She got up to leave the cat sleeping on the bed. As she left the room though, she would have sworn she heard a sleepy voice saying

“And you could even put pictures of your class on Pinterest…”

Fourteen Waves

It’s summertime now. Next year, Lexi starts high school.

Each year has been like a wave; they’ve come in gently and receded with deliberation, gradually giving way to the next one.

It was early afternoon, and her mother was looking at baby photos, remembering with fondness what her daughter’s smile looked like before she had teeth. Her father was absentmindedly reading an NBA playoff summary, all the while hearing echoes of what his daughter’s laugh had sounded like before her voice changed.

Lexi’s birthday had been the previous day; plastic plates with bits of cake stuck to them were overflowing from the kitchen trash can. She herself was still in bed, a place she would occupy for roughly 20 more minutes.

The birthday party had been a simple affair: her mom and dad, cousin Derek, and her four best friends from school. The singing of Happy Birthday and present opening involved everybody; after that, she and her friends went waterskiing on Derek’s boat, which had been a blast. She’d never been able to slalom before, and it was pure joy dropping a ski and negotiating the waves on just one.

When they finished skiing, it was almost eight o’clock. The boat pulled up to the smell of her dad’s grilled shrimp. They ate dinner with the gusto that only fourteen-year-olds have, including multiple slices of cake ; her friend’s parents had then picked them up around ten, and she was asleep not too long after, as she was completely exhausted.

But now, it was 12:32 in the afternoon, and bright light was streaming in her bedroom window. Today was also a big day, as she was starting her first real job that evening.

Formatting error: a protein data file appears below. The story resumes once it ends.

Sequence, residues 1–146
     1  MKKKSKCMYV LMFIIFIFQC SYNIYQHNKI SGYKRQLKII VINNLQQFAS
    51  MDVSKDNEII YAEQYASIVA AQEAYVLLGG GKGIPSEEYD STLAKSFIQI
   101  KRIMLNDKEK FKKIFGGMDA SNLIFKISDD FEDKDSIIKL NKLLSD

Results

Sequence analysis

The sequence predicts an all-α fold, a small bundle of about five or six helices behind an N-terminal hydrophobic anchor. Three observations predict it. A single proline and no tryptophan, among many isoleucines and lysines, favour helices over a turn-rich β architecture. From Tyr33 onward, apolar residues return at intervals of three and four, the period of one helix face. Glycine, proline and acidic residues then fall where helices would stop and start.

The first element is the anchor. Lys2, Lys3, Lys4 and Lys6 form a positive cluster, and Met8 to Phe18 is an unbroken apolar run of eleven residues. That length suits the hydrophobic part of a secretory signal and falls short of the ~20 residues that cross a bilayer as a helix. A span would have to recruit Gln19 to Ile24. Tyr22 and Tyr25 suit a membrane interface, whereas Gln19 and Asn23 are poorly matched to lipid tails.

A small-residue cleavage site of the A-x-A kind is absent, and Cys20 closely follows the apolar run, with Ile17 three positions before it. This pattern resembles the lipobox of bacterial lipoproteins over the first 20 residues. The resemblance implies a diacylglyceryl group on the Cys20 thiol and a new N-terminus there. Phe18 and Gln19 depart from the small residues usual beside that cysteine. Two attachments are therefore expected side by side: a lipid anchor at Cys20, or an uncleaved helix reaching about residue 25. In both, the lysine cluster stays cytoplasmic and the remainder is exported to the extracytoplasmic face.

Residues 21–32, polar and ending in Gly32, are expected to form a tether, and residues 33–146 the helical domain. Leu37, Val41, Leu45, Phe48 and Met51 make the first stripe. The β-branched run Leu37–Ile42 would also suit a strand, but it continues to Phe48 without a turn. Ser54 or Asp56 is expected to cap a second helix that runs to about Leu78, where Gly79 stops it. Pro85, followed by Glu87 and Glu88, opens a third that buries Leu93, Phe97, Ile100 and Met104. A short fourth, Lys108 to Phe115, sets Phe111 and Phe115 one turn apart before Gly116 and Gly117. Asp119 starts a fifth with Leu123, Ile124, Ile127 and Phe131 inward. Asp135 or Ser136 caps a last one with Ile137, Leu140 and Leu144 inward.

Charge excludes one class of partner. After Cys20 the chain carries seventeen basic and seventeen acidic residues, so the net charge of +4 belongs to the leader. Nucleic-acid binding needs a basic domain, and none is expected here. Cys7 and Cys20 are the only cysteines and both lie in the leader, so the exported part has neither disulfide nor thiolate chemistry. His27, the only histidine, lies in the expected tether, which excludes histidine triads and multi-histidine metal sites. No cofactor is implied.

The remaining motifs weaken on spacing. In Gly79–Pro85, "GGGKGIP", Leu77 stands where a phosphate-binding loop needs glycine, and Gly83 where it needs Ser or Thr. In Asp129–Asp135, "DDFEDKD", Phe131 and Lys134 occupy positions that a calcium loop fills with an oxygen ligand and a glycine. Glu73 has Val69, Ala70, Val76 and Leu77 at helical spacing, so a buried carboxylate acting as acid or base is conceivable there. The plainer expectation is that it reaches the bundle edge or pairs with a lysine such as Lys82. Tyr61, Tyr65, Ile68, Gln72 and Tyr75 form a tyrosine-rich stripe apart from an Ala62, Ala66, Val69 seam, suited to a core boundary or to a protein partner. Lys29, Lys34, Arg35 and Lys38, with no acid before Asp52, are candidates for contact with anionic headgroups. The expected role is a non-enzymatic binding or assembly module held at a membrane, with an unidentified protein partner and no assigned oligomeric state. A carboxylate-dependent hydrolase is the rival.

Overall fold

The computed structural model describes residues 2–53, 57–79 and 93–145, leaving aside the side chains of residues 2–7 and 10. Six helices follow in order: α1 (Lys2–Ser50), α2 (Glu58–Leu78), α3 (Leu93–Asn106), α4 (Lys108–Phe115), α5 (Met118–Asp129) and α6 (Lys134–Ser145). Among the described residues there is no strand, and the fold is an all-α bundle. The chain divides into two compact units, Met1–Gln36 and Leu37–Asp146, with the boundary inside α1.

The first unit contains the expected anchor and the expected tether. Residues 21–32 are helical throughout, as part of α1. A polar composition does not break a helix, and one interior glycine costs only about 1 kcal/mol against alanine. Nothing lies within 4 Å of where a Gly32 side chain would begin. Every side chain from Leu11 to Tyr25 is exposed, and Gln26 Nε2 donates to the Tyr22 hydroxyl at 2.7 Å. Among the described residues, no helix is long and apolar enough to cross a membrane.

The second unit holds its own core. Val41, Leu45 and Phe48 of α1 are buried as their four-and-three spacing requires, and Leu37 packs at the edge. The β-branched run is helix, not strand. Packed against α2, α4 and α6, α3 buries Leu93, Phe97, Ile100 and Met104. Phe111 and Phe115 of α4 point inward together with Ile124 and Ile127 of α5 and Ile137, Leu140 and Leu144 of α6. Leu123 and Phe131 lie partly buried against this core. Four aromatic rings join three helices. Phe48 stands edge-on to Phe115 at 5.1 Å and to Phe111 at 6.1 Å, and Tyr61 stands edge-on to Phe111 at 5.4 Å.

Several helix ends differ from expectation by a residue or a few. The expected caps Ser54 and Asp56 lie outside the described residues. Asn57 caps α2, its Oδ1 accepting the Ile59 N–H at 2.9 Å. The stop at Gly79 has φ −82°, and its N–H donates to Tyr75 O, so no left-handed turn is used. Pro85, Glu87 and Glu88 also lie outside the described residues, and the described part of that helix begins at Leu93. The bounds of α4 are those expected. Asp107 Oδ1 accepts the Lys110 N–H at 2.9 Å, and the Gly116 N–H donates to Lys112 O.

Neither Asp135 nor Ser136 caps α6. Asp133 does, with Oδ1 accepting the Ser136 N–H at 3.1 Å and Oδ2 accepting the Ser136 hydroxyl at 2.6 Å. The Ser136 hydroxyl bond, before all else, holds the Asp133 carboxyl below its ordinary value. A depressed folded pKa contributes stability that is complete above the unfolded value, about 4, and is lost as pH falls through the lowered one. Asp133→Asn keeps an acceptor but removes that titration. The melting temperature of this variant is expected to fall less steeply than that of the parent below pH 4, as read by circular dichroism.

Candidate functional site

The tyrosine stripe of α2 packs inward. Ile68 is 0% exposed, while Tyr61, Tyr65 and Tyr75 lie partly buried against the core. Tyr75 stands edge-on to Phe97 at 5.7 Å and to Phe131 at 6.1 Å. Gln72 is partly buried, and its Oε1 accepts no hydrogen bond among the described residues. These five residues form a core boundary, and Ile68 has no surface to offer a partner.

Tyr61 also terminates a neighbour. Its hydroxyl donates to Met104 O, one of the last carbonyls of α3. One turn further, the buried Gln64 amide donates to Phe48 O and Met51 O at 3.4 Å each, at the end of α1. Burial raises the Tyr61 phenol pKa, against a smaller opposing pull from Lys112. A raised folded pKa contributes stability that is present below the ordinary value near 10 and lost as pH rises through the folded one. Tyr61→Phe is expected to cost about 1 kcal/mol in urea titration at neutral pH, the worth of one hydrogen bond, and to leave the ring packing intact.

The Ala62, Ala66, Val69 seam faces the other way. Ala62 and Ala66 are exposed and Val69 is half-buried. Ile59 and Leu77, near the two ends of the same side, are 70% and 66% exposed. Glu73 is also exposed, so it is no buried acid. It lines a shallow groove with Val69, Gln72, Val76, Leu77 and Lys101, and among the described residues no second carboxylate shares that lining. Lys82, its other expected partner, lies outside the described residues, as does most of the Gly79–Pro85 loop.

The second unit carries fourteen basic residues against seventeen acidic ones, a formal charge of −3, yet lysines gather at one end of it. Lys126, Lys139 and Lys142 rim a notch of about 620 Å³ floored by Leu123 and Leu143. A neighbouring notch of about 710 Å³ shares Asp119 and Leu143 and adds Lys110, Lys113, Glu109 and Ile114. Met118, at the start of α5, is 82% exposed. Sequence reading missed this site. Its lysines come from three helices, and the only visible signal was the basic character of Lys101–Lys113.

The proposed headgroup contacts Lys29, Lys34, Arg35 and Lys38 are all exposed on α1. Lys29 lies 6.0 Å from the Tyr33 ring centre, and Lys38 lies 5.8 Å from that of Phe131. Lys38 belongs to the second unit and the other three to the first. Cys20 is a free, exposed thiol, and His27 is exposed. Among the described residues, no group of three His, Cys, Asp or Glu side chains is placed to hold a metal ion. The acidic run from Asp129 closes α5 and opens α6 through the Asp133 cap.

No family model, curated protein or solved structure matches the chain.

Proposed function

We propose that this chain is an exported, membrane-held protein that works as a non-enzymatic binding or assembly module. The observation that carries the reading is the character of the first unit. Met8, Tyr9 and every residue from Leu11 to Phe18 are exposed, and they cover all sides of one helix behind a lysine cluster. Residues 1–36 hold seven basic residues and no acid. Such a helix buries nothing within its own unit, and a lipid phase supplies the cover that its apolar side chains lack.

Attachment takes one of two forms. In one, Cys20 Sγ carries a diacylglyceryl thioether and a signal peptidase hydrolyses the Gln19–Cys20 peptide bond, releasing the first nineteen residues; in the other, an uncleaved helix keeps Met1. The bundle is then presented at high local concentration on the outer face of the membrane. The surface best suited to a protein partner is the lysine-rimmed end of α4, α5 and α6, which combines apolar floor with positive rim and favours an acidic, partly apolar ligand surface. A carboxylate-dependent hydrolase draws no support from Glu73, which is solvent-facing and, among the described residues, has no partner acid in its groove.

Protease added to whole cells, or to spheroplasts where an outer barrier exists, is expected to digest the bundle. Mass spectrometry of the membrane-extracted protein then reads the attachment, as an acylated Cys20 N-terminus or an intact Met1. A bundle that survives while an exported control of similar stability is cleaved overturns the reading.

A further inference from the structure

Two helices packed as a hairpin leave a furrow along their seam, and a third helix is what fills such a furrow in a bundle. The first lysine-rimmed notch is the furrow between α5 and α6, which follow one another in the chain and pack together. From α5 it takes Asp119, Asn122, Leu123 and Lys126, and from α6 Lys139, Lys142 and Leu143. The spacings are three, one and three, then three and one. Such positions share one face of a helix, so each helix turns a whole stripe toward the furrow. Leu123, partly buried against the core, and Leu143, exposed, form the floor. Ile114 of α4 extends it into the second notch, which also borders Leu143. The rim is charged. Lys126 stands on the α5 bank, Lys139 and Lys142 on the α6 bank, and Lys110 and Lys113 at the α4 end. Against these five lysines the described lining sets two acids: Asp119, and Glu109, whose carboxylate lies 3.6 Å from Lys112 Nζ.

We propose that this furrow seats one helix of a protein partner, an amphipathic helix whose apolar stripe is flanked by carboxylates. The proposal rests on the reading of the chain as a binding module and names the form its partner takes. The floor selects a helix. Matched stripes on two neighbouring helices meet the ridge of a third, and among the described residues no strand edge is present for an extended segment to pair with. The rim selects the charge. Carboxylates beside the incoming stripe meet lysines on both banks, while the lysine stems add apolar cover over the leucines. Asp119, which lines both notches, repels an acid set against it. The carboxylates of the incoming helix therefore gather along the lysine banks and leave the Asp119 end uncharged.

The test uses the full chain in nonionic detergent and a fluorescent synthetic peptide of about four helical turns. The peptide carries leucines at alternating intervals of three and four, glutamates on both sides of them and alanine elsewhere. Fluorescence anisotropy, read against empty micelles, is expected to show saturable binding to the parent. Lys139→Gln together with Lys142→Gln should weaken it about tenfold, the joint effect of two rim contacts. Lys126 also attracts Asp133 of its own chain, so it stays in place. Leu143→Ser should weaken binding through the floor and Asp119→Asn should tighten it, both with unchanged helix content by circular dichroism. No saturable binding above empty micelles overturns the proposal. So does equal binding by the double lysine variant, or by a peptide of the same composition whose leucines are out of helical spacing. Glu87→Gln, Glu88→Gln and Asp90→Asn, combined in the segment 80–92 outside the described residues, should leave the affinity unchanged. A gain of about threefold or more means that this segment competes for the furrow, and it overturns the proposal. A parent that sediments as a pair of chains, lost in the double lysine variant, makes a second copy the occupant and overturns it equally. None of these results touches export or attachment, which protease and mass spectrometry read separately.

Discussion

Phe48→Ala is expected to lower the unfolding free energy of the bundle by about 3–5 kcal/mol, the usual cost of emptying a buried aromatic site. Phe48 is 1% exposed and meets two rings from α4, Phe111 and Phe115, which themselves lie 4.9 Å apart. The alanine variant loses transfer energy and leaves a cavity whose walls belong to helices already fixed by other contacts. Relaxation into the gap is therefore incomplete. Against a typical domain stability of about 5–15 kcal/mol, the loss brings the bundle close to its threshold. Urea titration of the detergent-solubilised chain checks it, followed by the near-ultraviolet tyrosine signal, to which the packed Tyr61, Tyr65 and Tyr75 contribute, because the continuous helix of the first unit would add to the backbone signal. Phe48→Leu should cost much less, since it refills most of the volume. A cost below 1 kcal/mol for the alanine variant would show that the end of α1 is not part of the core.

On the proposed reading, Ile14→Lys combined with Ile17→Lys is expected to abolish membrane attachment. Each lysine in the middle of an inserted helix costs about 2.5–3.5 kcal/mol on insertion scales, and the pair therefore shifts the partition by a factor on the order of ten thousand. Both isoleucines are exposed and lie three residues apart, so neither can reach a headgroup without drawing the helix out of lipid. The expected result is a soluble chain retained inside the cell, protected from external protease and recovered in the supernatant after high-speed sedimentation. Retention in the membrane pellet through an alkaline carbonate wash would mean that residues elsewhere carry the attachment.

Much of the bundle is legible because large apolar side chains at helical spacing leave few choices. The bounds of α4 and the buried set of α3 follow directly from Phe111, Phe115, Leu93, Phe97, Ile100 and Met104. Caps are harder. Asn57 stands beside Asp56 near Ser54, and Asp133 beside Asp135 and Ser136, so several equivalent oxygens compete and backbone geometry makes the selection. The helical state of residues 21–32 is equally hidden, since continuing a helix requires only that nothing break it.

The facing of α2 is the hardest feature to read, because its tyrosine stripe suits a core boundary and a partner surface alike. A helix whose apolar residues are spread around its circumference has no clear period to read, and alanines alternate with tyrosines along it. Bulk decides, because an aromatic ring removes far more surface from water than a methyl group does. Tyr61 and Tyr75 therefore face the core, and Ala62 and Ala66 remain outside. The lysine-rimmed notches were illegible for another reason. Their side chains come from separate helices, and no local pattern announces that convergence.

Lexi also smelled coffee, the presence of which always made getting up so much easier.

Lexi’s mother placed a cup in front of her as she sat down at the kitchen table. Her father touched her lightly on the shoulder and kissed her hair as she squeezed his hand back.

“Are you leaving already?” she asked.

“Yes. You have been asleep for awhile,” he said, with a smile in his voice.

“I have to be there at 5:30. I don’t want to be late my first day.”

“You won’t be, I promise.” He then left the room.

“What are you going to wear?” her mother asked.

“The long skirt we talked about. I mean, I’m hostessing, so I just need to smile, and greet people, and assign tables. I don’t have to pick up dishes or anything.”

“That will look great. I was really proud of you yesterday, watching you ski,” her mother added, changing the subject. “It’s hard to believe fourteen years have gone by.”

Lexi had leaned back in her chair, feeling the sun coming through the window as she sipped her coffee. “Waterskiing is so much fun. Seriously.”

“What do you plan to do today?”

“Oh, not a lot before work. I told Anna I’d call her; she wants to get an early start on discussing our summer reading. UGH. But you know Anna, she’s very enthusiastic. I told her my books hadn’t come in yet.”

“They have, though,” her mom said. “They came the day before yesterday, I forgot to tell you.”

Lexi laughed. “Fine, then. How many are there again?”

“Six.”

“Braille or audio?”

“Three of each.”

“Give me the longest of the audiobooks first, those take will take the most time,” Lucy sighed thoughtfully, after pausing to listen to the slow sound of the waves through the open window.

Driftwood Beach